June 15, 2003 – The Community Foundation of the Virgin Islands has awarded the Eastern Caribbean Center at the University of the Virgin Islands a grant of $15,000 to enable the center to conduct a 2003 survey to gather up-to-date demographic data about the territory's residents.
The grant will close the gap in a funding shortfall for this year's Virgin Islands Community Survey project, according to a CFVI release.
The center, which also manages the U.S. Census data collection in the territory every 10 years, conducted the first V.I. Community Survey in 2001. Similar to the census, the community survey is to be done every other year, gathering data from a sample of about 2,500 households.
"This grant is consistent with the Community Foundation's priorities to address needs not met by public funding sources and to leverage the use of other resources in our community," the release stated.
According to Dr. Frank Mills, director of the Eastern Caribbean Center, the V.I. Community Survey "is the primary vehicle for the collection of current demographic data of the Virgin Islands." He said the survey "is an important tool in the preparation of grant requests from the Virgin Islands to federal agencies, private foundations and other possible donors."
The availability of current demographic data also is crucial for organizations and individuals working to address the long-term needs of the U.S. Virgin Islands, he said.
The survey gathers data about household incomes and relationships along with demographics such as age, place of birth and education.
Mills said he had hoped to conduct a supplemental survey to collect more socioeconomic information. "That's the really interesting data," he said. However, for this year funding was not available for a supplemental study.
A supplemental survey done last year had to do with the way people perceive the government. The results of that research should be forthcoming soon, Mills said.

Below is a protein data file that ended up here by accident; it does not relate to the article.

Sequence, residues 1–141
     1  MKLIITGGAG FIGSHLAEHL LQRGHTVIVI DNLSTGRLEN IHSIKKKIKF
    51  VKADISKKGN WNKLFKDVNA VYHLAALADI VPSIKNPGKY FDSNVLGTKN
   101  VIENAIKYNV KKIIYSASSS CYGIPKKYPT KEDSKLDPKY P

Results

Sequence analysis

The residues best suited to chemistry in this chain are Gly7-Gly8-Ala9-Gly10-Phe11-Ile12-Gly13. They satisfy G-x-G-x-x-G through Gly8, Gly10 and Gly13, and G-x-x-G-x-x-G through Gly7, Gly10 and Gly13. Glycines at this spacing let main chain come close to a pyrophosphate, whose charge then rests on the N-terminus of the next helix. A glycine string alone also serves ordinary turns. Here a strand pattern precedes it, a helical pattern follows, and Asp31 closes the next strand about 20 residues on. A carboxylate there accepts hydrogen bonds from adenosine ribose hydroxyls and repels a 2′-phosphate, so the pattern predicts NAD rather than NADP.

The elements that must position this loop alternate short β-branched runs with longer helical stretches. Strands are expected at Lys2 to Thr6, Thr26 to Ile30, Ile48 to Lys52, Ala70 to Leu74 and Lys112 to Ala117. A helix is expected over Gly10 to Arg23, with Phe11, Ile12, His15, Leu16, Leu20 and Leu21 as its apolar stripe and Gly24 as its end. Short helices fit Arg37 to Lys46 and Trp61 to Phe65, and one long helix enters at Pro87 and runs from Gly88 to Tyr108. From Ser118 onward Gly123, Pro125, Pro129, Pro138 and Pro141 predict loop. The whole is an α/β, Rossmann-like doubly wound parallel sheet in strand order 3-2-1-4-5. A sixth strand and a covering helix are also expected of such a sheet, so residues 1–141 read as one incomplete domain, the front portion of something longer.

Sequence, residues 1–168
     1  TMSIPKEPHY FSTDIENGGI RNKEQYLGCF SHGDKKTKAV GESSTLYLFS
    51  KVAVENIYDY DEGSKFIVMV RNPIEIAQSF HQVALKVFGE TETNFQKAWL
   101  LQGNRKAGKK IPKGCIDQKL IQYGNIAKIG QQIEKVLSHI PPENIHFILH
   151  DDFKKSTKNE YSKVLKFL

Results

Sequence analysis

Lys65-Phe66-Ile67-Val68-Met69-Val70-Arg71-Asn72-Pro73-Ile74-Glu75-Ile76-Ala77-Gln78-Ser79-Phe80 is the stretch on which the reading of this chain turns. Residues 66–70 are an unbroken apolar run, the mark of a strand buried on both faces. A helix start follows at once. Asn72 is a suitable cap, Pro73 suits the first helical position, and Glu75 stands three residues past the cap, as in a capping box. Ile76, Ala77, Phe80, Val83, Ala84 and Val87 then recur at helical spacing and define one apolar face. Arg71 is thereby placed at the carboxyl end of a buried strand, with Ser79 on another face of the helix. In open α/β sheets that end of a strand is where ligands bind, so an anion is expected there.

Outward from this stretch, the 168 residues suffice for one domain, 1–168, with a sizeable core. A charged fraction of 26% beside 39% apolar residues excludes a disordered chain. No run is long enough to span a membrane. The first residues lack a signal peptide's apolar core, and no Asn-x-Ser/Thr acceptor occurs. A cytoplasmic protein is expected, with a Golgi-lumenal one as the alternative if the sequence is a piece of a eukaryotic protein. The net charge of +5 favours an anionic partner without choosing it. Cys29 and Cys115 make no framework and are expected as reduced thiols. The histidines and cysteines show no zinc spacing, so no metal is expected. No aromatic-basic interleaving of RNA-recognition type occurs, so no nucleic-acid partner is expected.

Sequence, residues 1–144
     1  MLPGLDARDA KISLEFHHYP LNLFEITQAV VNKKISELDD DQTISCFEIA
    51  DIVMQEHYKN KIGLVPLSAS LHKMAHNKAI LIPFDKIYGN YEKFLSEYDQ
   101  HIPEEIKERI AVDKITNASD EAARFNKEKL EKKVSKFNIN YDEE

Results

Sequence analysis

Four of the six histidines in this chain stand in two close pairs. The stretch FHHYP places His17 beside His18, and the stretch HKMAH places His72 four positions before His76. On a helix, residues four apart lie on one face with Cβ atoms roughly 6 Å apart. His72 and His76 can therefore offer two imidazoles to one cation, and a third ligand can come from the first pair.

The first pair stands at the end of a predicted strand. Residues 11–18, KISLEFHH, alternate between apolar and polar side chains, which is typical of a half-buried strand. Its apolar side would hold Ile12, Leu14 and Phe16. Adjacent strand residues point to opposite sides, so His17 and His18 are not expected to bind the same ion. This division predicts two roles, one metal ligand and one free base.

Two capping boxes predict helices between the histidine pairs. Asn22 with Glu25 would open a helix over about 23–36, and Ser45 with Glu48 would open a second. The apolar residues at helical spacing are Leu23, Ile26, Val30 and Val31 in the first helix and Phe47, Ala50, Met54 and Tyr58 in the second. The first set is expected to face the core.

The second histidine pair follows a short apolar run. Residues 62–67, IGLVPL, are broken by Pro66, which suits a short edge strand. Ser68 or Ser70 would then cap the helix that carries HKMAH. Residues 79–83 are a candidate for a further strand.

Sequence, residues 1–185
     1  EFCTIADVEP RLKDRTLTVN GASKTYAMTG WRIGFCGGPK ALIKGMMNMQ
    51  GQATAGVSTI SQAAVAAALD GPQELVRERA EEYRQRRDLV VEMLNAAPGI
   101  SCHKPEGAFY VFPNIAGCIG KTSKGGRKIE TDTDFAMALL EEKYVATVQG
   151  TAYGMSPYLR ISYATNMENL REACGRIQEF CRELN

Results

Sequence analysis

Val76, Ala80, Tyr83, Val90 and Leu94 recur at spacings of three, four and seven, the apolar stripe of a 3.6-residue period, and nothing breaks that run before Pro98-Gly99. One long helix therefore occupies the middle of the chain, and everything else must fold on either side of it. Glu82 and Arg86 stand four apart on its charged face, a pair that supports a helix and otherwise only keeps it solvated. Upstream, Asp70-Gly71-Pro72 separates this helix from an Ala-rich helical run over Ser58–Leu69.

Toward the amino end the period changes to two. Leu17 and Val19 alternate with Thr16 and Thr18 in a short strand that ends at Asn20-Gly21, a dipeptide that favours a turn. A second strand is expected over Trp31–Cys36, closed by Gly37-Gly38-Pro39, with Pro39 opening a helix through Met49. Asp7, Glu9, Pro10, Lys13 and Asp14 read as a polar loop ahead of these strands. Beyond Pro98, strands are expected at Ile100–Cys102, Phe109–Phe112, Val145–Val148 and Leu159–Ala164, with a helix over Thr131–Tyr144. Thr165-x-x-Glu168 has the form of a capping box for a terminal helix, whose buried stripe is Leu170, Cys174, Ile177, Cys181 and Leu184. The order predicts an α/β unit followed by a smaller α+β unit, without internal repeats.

The standard statistical information — which interviewers will begin gathering as early as Monday — will be key to the Community Foundation's production of its 2003 V.I. Kids Count report later this year. For that reason it was important for CFVI to support this year's survey, Mills said. The foundation has issued the reports for the last three years.
Ricardo J. Charaf, CFVI board chair, said the grant was a way to acknowledge "the vital work of the Eastern Caribbean Center."
Charaf said it is CFVI's goal "to support long-term strategic initiatives in our community and to maximize the impact of our donors' giving." He called the $15,000 grant to carry out the 2003 V.I. Community Survey "a most worthwhile investment."
The foundation was established in 1990 to serve the children and families of the Virgin Islands. The release stated that CFVI has more than 50 funds created by individuals and businesses to support educational, environmental, social and cultural initiatives in the Virgin Islands.
The grant for the survey has been made from the Community Service Fund, which was established by members of the local business community to support the efforts of Virgin Islanders seeking to contribute to the revitalization of the community.
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